Fraternities colonize, take one step closer to recognition

The University has the smallest greek community of the Big Ten.

Kaitlin Walker

ItâÄôs a numbers game for the two University of Minnesota fraternities vying for national recognition.

Phi Kappa Sigma and Tau Kappa Epsilon are hoping strong fall recruitment will get them closer to the required member quota and recognition by both the national chapters and the UniversityâÄôs Interfraternity Council.

Adding two more nationally recognized fraternities on campus will help the UniversityâÄôs growing greek community, which remains one of the smallest in the Big Ten with less than 2,000 members.

Both fraternities have received colonization âÄî the first step in a process of becoming a full-fledged member of the national chapter, which can take up to three years.

A fraternity receives colonization after meeting key requirements set out by the national chapter, said IFC Vice President Tom Deahl. He said the fraternities have to meet requirements including philanthropy, recruitment numbers, grades and visibility on campus.

Tau Kappa Epsilon started that process last October when a couple of men from the national chapter arrived on campus.

âÄú[They] were here for about three weeks,âÄù said Brent Stensrude, the chapterâÄôs president. âÄúThey got a few of us together and got us started.âÄù

Stensrude said since receiving colonization the focus has been on membership âÄî both gaining new members and retaining old members.

âÄúWeâÄôre trying to keep all the guys we do have,âÄù Stensrude said. âÄúItâÄôs pretty easy to get burned out.âÄù

Kevin Groenjes, president of Phi Kappa Sigma, said earning colonization proves to the national chapter that the group is serious about becoming nationally recognized.

The fraternity now has to prove that it can thrive on the University campus, Deahl said.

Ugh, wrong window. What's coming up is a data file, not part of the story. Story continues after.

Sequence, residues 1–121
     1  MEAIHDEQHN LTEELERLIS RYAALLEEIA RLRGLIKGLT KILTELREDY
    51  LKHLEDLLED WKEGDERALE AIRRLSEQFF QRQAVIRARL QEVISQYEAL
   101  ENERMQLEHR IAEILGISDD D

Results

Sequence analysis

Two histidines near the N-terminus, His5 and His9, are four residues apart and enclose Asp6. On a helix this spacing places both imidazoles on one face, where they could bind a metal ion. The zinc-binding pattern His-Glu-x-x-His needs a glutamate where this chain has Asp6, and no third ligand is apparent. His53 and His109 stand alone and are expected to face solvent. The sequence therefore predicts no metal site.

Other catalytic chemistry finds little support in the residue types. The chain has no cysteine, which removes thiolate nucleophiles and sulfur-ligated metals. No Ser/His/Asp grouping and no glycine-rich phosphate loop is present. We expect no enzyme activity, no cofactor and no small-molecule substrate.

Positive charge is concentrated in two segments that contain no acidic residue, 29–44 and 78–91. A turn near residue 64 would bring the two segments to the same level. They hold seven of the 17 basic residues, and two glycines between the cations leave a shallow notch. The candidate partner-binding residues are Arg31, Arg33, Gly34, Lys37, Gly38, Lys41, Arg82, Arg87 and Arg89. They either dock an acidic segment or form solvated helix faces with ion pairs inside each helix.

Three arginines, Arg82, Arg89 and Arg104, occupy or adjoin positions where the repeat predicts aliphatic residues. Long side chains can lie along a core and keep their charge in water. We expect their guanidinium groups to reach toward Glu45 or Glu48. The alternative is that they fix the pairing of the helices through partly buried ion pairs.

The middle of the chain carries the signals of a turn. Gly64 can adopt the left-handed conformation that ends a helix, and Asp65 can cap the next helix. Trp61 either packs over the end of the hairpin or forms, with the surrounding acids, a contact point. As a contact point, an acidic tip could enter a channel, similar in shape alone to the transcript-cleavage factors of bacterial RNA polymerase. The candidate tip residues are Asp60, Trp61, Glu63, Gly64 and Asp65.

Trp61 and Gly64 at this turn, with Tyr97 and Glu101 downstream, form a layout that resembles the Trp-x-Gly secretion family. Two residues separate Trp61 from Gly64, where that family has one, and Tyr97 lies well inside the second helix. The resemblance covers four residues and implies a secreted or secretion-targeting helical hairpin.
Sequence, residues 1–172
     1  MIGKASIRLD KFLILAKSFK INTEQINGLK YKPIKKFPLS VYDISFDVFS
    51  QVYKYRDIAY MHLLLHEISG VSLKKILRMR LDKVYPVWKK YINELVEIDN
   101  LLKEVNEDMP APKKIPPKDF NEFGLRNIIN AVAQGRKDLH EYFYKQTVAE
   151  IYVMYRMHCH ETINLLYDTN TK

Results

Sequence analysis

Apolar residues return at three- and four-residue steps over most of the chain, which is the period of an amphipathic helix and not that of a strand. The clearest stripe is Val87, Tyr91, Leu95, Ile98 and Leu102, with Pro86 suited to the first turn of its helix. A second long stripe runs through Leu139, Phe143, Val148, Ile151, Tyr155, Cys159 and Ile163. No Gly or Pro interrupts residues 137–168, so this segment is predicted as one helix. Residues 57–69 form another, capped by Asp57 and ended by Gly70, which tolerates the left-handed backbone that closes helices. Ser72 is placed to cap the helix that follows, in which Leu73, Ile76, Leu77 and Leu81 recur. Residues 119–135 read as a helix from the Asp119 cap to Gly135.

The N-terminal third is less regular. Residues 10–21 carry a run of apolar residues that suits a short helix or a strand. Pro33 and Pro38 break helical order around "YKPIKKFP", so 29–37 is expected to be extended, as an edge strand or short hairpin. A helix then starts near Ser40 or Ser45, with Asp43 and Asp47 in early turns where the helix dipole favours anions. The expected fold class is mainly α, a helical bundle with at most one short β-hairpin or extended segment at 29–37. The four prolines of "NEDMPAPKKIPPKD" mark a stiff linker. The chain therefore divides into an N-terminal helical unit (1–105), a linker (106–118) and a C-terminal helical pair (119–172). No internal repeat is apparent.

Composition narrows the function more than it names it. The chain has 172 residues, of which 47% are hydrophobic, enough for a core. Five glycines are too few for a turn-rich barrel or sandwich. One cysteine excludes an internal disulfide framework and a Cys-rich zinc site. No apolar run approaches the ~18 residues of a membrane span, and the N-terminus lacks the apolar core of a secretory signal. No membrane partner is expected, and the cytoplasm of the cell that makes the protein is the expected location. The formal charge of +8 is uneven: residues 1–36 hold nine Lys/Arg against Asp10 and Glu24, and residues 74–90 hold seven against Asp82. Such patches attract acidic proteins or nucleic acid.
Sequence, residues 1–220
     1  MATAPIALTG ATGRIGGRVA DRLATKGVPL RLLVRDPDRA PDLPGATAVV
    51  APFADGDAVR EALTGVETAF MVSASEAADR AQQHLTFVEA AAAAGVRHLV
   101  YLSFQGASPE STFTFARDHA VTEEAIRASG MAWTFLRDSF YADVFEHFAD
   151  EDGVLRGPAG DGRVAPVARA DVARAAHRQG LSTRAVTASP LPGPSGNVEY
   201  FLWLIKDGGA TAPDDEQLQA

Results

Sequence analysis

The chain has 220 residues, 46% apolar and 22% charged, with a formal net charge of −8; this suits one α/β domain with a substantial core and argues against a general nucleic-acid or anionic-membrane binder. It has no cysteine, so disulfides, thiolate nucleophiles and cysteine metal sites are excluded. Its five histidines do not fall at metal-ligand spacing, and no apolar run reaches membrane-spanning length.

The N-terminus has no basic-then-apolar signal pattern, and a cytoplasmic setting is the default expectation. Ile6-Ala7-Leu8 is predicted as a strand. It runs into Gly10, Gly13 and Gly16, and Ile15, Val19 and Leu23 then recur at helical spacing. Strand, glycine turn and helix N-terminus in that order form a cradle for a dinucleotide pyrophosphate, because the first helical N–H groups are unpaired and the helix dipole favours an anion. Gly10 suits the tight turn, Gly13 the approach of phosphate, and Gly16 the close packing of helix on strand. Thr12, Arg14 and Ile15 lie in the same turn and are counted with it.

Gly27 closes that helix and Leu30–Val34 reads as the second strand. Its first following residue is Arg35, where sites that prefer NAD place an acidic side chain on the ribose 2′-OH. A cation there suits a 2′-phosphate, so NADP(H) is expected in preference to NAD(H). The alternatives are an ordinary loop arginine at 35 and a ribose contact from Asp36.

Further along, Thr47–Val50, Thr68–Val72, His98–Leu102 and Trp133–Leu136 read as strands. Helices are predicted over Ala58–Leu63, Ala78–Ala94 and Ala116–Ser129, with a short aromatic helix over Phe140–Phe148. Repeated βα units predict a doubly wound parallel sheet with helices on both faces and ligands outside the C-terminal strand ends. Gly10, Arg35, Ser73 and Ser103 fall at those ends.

Holding elections for chapter officers was a big step in the right direction, he said.

âÄúBefore we had officers who were filling spots because we needed a leadership figure,âÄù he said. âÄúNow we have the right guys in the right spot and I think itâÄôs going to make us more effective. ItâÄôs going to make our jobs easier.âÄù

The biggest obstacle for both fraternities is membership numbers, Deahl said.

âÄúEverything is in place,âÄù Stensrude said. âÄúReally the only thing weâÄôre waiting for is more men.âÄù

Both Groenjes and Stensrude said they are hoping strong recruitment this fall will solve their problem.

If all goes well, Groenjes said he expects to be fully chartered within the next year.

âÄúA lot of it is going to be recruiting, a lot of it is going to be reaching out to student groups and a lot of it is going to be making sure we hold true to our values,âÄù Groenjes said.

Enrollment in the greek community is on the rise at the University âÄî last yearâÄôs enrollment hit a 20-year high, with more than 1,800 students involved in a fraternity or sorority.

But the University still lags behind the rest of the Big Ten schools. Adding two new chapters is a big positive and means more leadership opportunities for students, Deahl said.

âÄúItâÄôs always good to get more people involved in leadership,âÄù said Deahl. âÄúGetting them involved in one way makes them more likely to get involved in other ways.âÄù